The two cohorts had the same outcomes with regard to bladder and bowel management. Bladder management in NSCI patients has been examined by Reitz,22 who proposed a full bladder rehabilitation program (with intermittent catheterization) in patients with a life expectancy of more than 12 months and a more conservative program (with suprapubic catheters) in those with shorter life expectancies who have undergone palliative treatment. The authors justified the use of this approach with the need to discharge neoplastic patients early and the generally worse status and poor motivation of such patients. Our results are consistent with those of Reitz and demonstrate that, in a cohort of selected patients with benign tumors or those with a good prognosis for survival, a comprehensive bladder rehabilitation program can be used as successfully as in TSCI patients.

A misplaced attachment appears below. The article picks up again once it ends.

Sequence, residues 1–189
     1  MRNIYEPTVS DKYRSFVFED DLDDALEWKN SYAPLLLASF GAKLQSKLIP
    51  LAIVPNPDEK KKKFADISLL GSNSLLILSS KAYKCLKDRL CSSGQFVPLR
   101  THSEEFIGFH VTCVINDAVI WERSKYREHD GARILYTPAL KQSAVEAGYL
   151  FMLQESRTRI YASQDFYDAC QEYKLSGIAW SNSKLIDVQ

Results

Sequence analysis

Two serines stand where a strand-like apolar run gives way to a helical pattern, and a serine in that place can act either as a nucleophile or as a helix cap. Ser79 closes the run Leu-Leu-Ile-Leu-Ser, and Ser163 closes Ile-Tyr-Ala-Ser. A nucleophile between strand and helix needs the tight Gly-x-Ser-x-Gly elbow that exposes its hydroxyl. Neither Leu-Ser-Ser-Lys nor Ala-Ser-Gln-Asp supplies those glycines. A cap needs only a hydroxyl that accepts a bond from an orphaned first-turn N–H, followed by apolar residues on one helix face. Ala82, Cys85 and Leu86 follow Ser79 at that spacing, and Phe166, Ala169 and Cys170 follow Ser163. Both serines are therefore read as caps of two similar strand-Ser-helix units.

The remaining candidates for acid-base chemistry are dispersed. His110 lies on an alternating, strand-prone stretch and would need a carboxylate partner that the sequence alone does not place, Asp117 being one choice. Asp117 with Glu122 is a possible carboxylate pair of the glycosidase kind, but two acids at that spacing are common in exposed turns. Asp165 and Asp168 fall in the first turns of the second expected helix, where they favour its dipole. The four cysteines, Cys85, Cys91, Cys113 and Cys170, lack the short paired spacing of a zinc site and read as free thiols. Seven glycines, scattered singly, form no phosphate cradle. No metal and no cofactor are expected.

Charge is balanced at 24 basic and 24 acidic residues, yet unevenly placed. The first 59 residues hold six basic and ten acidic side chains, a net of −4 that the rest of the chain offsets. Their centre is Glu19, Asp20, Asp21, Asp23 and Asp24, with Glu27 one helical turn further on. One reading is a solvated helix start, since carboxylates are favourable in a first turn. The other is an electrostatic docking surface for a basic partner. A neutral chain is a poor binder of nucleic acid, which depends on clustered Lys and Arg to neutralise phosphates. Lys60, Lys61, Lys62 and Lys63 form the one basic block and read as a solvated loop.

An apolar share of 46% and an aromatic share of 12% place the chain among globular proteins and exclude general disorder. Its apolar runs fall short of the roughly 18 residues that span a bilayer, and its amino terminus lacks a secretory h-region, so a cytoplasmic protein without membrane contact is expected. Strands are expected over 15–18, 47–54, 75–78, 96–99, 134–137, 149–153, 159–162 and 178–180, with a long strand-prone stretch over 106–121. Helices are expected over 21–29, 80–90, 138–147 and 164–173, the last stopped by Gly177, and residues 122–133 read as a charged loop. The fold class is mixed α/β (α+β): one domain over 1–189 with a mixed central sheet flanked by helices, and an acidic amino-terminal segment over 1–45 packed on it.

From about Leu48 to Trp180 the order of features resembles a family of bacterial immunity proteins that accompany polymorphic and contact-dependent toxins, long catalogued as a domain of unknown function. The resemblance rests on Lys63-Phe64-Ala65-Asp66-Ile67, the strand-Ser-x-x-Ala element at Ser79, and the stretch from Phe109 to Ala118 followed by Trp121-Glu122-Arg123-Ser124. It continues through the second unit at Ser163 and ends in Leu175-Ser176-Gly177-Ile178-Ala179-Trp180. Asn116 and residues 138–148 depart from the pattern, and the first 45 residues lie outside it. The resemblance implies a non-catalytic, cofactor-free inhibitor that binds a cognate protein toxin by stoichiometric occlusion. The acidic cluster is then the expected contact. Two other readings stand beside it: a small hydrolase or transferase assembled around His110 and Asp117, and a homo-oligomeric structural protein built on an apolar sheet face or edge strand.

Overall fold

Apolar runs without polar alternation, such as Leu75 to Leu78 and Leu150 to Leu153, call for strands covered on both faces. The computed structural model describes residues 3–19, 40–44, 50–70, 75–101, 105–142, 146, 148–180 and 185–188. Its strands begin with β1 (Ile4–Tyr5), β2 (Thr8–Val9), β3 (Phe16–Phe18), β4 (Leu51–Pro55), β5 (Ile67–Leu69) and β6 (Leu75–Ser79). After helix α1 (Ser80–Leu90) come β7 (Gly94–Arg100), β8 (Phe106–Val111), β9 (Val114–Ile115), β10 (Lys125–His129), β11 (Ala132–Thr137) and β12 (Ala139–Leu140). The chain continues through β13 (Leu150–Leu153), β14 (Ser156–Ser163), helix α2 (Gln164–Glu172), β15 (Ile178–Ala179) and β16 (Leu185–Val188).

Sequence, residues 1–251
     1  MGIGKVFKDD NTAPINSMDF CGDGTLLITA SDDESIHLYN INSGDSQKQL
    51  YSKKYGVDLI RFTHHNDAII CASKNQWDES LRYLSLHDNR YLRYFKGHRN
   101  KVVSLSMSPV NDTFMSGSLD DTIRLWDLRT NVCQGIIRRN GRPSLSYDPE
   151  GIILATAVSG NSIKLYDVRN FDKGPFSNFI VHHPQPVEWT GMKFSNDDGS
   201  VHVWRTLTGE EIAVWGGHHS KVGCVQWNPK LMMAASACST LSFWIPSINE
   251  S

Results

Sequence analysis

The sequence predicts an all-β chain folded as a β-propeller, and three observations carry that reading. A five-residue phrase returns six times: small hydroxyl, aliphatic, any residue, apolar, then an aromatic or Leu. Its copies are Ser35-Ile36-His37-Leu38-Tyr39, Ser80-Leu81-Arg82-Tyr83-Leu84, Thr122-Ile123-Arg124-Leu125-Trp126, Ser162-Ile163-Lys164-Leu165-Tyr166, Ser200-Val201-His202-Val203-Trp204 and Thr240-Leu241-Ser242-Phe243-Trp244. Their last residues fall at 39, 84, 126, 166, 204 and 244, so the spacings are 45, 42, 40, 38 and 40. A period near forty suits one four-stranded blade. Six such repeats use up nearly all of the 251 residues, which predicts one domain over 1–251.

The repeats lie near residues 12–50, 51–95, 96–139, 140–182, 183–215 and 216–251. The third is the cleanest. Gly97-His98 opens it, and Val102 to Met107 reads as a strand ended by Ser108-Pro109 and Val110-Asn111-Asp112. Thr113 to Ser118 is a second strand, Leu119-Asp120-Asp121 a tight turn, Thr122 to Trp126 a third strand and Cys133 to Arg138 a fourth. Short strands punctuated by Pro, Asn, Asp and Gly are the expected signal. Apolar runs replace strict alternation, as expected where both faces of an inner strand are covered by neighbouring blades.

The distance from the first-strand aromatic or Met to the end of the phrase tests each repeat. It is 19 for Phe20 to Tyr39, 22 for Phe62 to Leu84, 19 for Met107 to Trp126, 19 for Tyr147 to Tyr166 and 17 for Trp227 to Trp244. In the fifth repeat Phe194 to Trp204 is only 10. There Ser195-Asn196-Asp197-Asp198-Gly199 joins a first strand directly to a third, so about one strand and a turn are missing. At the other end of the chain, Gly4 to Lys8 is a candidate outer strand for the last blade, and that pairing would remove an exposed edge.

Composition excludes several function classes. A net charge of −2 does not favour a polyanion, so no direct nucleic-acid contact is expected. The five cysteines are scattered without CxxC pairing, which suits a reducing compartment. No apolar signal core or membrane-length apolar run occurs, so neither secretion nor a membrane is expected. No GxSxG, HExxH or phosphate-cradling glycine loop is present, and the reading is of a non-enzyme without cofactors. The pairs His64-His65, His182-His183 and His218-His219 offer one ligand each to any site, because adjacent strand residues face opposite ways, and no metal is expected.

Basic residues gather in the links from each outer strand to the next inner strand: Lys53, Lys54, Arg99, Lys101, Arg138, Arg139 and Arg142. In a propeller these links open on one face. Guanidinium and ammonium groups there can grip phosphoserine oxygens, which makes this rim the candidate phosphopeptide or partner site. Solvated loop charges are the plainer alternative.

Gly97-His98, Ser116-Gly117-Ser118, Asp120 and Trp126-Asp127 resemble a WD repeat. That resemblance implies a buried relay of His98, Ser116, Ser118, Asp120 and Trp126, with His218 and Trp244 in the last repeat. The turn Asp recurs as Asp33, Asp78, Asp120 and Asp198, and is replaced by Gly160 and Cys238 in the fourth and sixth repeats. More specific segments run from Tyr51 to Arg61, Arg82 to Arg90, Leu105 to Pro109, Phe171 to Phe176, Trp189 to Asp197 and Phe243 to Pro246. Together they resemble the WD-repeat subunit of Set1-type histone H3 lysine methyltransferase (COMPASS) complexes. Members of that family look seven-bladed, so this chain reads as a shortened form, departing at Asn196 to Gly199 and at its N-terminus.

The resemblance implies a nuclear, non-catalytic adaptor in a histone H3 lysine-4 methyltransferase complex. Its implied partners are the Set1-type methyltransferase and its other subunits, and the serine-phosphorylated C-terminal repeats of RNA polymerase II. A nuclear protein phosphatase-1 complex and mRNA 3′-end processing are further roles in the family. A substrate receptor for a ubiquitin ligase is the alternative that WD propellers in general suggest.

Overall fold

Finally, traumatic and neoplastic patients had similar rates of returning home after discharge from rehabilitation (80%). As discussed, discharge disposition and, in particular, the risk of being institutionalized are not influenced by the etiology of the lesion. As shown in patients with SCIs and other neurological diseases, discharge disposition depends primarily on the age of the patient23 and on the level of independence in daily activities. A score of 60 points on the BI is the cutoff, above which patients move from dependence to assisted independence and can be discharged home.24